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Florida School Massacre Suspect Told Cops 'Demon Voice' Urged Him To 'Burn, Kill, Destroy'

Nikolas Cruz told police he first started hearing a voice after his father died when he was 5. It grew louder when his mother died months before he allegedly killed 17 people at Marjory Stoneman Douglas High School. 

By JB Nicholas

The suspect in the Parkland, Florida school shooting blamed the massacre on the voice of a “demon” that told him to buy a semi-automatic AR-15 rifle and burn, kill and destroy, according to a transcript of his police interrogation released on Monday.

Nikolas Cruz, 19, faces 17 counts of murder for allegedly shooting 17 people to death at Marjory Stoneman Douglas High School, which he once attended, in February. Following his arrest, he was interrogated by Broward County Det. John Curcio, according to the transcript. Cruz waived his rights and spoke to Curcio for more than 11 hours, before asking for an attorney.

During the interrogation, Cruz also revealed that, about a week before the killings at the school, he had thought about going to a public park and shooting people there.

Cruz typically answered Curcio’s questions in short sentences, or by nodding yes or no, according to the transcript. At times, Cruz spoke so low that Curcio told him to speak up. When Curcio left the room, leaving Cruz alone, Cruz cursed himself out loud, repeatedly asked himself “Why didn’t he kill me?” and said “I want to die” over and over again.

What Cruz told police during the interrogation before he asked for an attorney could become crucial evidence either for or against Cruz, should he present an insanity defense. It could also serve as a mitigating factor if he is convicted and faces the death penalty.

Cruz’s attorneys have said that he would plead guilty in exchange for a life sentence without the possibility of parole, according to the Associated Press.

Curcio did not start the interrogation by reading Cruz his rights under the U.S. Supreme Court’s decision in Miranda v. Arizona. Instead, he started by building a rapport with Cruz by asking about background or pedigree information, such as where Cruz lived and with whom prior to the shooting. Such questions --- not intended to elicit incriminating information --- have been held by the Supreme Court not to require Miranda warnings.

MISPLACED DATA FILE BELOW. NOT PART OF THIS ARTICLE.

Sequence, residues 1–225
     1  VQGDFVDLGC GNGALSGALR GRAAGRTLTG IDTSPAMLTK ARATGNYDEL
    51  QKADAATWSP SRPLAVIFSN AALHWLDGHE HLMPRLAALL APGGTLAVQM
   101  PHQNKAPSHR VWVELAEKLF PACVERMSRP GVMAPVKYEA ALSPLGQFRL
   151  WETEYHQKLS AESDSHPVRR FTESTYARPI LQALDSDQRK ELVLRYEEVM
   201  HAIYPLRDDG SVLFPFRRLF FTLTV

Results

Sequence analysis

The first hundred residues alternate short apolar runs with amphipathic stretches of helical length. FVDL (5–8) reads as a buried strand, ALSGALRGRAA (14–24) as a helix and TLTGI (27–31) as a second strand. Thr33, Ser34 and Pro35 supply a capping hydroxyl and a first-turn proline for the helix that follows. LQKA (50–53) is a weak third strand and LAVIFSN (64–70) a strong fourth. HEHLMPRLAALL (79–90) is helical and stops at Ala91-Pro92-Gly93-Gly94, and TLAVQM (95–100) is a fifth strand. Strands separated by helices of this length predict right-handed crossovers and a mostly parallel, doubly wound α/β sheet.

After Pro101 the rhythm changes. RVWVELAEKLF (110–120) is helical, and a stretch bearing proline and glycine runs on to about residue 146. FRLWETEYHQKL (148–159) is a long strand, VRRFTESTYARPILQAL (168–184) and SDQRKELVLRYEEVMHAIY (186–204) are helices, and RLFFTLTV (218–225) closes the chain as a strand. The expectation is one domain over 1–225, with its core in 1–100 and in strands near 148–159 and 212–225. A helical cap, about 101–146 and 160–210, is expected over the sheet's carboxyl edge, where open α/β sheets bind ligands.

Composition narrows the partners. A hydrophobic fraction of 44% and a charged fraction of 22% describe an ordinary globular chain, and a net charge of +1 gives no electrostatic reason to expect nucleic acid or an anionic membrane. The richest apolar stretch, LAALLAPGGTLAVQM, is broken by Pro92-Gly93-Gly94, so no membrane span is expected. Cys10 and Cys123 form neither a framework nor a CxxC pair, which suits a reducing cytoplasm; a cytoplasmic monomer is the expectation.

At one point, Curcio leaves the room to obtain water and Cruz said out loud to himself “Kill me. Just f---ing kill me,” according to the transcript.

When Curcio returned, he asked Cruz about his life and encouraged him to speak: "I can only hear from you what was going on with you.” That’s when Curcio first read Cruz his Miranda rights and began questioning him about the substance of the crimes.

Large portions of the transcript are redacted from that point forward, presumably concealing Cruz’s statements about the shootings themselves.

But plenty of other information is revealed, including Cruz discussing the deaths of his parents, his killing of animals, his fascination with guns, a suicide attempt, his penchant for self-harm by cutting himself and the voice inside his head.

The voice, Cruz told Curcio, was a “demon.” It first appeared, Cruz said, after his father’s death by heart attack when he was about 5, but grew increasingly loud and insistent after his mother’s death of pneumonia in November 2017. Cruz said the voice was male and about his age. The only person he ever told about the voice, Cruz said, was his brother, Zach.

When asked by Curcio what the voice says to him, Cruz answered: “Burn. Kill. Destroy.” When Curcio asked him “Destroy what?” Cruz replied “Anything.”

Cruz said the demon voice told him to shoot people in a public park about a week before the school shooting. Maybe it was three weeks. Cruz couldn’t remember exactly but, he said, he didn’t want to do it. Curcio asked why. “I … I don’t know,” Cruz answered.

Cruz also admitted the demon voice was not all-controlling -- it could be quelled by both Xanax and marijuana, although “marijuana does it better.”

At one point, Curcio asked, “So why didn’t you choose to get rid of the demon by doing it, anytime you heard the demon just light up a blunt?”

After Cruz invoked his right to an attorney, Curcio allowed Cruz’s 18-year-old brother, Zachary, into the interrogation room, and allowed the two to talk in his presence.

“You -- you're -- people think you’re a monster now,” Zachary Cruz said.

“A monster?” Nikolas Cruz replied.

“You’re not acting like yourself. Like, why? Like, we’ve … this is not who you are. Like, come one. Why did you do this?” Zachary asked.

“I’m sorry, dude,” Nikolas said.

[Photo: Getty]

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